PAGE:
Consolidated B-24 "Liberator"
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30.09.2022 20:33

Heinkel He 118

26.09.2022 17:40

26.09.2022 12:42

25.09.2022 23:56

Grumman TBF Avenger

25.09.2022 00:49

Blackburn B-24 Skua

24.09.2022 07:52

23.09.2022 14:03

Sud-Est SE 530 Mistral

23.09.2022 03:48

Hughes H-4 / HFB-1 "Hercules"

23.09.2022 01:38

Douglas C-124 Globemaster II

22.09.2022 05:05

Loire 130

21.09.2022 07:47

Republic F-105 Thunderchief

21.09.2022 04:37

21.09.2022 02:28

20.09.2022 22:24

TAI Anka-S

20.09.2022 22:24

Scaled Composites Model 348 White Knight Two

20.09.2022 22:20

Hindustan HJT-16 Kiran

20.09.2022 22:20

Hindustan HF-24 Marut

20.09.2022 22:19

Aero Boero 115

20.09.2022 07:47

18.09.2022 06:49

North American T-28 Trojan

17.09.2022 21:24

Short S.26 Golden Hind

17.09.2022 16:25

17.09.2022 13:38

Praga E.41

17.09.2022 03:53

16.09.2022 16:36

Harbin Y-12

16.09.2022 11:43

16.09.2022 11:24

Martin RB-57F

16.09.2022 09:47

15.09.2022 23:38

15.09.2022 22:46

Granville Gee Bee

Kelse Jennings, e-mail, 16.08.2022 05:17

Hello. Always interested in my uncles adventures. What are you looking for?

John Stipe, e-mail, 30.12.2021 02:45

Hi Harold - my great uncle was a tail gunner on the Yankee Doodle Dandy. I’d like to learn as much as I can about the 319th and the plane so please email back.


John Stipe, e-mail, 30.12.2021 02:42

Hi Gerorge and Harold,

My great uncle SSgt Fred Shroad was the tail gunner on the day the Yankee Doodle Dandy went down over Hollandia Drome in New Guinea on April 12, 1944. I’m always looking for any personal accounts or pics of the plane, crews or encampment at Port Mooresby or Nadzab. Fred was in New Guinea for 5 months, so I’m guessing he flew >20 missions before the plane went down and all 12 on board, including 2 5th Air Force combat photographers, were lost.

Had they made it back I’m sure there would have been some incredible photos of the plane on its 101st mission.

Please email me if you would like to connect…Thanks!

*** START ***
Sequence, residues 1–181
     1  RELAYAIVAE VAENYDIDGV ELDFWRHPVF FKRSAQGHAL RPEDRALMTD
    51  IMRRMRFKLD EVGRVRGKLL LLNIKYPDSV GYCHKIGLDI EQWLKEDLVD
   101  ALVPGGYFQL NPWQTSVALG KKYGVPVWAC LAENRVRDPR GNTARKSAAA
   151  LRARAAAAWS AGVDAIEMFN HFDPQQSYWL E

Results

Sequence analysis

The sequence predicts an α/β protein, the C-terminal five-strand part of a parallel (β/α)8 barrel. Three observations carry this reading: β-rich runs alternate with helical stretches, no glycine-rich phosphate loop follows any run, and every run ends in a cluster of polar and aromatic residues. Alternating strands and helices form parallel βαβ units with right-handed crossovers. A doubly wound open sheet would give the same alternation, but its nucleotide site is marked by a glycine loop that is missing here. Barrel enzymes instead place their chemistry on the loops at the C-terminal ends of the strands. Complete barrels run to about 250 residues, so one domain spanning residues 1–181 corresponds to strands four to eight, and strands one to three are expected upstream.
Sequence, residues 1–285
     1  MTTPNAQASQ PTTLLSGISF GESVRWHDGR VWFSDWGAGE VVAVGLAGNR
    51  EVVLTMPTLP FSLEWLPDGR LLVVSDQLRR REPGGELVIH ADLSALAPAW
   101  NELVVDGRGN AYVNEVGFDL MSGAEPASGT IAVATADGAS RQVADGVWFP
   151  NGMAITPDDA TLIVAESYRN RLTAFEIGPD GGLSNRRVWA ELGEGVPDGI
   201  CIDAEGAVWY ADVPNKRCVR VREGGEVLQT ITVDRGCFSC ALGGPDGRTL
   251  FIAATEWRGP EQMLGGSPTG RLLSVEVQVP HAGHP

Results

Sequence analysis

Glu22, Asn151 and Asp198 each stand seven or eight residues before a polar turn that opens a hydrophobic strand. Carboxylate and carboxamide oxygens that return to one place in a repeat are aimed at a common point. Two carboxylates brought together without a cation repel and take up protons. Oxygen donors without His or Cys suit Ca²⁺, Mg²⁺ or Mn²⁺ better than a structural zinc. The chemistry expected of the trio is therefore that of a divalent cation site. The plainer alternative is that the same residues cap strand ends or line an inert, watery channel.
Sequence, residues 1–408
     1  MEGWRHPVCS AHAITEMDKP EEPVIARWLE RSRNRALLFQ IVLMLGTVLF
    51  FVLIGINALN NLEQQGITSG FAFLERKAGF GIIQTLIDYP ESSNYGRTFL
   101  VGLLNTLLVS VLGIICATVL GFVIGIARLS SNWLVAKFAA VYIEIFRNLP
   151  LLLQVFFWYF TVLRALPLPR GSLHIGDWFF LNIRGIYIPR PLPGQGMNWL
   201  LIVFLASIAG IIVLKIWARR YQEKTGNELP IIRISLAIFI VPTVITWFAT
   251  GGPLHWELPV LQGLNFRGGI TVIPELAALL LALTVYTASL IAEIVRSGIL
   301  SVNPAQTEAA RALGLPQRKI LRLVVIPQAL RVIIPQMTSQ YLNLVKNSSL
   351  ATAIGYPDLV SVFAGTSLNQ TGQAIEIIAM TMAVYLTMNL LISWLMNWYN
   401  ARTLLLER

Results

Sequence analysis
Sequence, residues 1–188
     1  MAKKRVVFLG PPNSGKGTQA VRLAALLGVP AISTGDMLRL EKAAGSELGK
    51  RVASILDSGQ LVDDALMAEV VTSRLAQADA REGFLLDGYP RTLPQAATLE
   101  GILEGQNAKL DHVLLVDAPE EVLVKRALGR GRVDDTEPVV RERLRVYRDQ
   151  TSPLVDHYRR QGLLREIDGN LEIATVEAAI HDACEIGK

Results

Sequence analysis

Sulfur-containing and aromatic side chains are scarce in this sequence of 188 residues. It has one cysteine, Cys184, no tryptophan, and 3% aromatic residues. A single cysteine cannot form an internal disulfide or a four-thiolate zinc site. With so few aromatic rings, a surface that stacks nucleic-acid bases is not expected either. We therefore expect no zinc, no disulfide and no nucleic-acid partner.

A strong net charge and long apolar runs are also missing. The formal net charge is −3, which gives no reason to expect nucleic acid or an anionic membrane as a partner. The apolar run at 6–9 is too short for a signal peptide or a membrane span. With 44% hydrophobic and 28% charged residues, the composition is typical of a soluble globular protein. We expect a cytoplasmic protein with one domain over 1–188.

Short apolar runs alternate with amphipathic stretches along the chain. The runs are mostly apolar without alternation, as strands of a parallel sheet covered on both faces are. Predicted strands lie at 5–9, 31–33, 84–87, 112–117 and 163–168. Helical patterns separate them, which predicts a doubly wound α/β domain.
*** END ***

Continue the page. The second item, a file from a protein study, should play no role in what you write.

David Malcolm, e-mail, 04.12.2021 22:38

Hi seeking info on the crew of The Gremlins Roost 93rd BG H Hardwick England lost feb 6 1945 Akersloot Holland. I am researching this crew especially the pilot Howard Eugene Jennings. Sadly all of the crew are now deceased. So family members hopefully might have information or documentation. Many thanks.
David Malcolm Sunderland UK

Michael Roberts, e-mail, 07.11.2021 23:19

My Mother's Uncle, Bernard LeBar, was the Tailgunner on the Pauline.

Michael Roberts, e-mail, 07.11.2021 23:15

My Mom's Uncle Bernard LeBar was the Tailgunner on Pauline.

Harold J Lincoln JR, e-mail, 22.06.2021 04:56

Hi George, my father was one of the original crew members of the Yankee Doodle Dandy, he was a waist gunner. Lowell Johnson was the pilot at the time. This ship and all that served on it went through Hell and back many times. It is a very famous plane that made history. God Bless All.

John Doran, e-mail, 30.03.2021 19:17

Hi Leonard,

I have a friend whose Dad flew as a ball turret gunner on the B-24 “Ruff Knights”. His name is Joe Bigley.

Could we share some photos of the plane and crew during WW2?

Lyn Scott, e-mail, 20.08.2020 23:06

My father David Love, was the pilot that actually was shot down flying the Perils of Pauline August 5, 1944. He and one other man, the engineer, survived and were taken as POWs. He passed in 2002. A courageous group of men.

Steve Leathers, e-mail, 22.07.2017 09:41

My father was a pilot for a b-24 bomber named "boomerang" (not the classic kangaroo with a bomb in its hand & one in its pouch. The nose art was a calm kangaroo with a vicious baby roo in its pouch (teeth & drooling) with a boomerang in his hand. My father was Oscar Luther Leathers. Does anyone have any information &/or pictures?

TJ Meyer, e-mail, 07.10.2015 12:54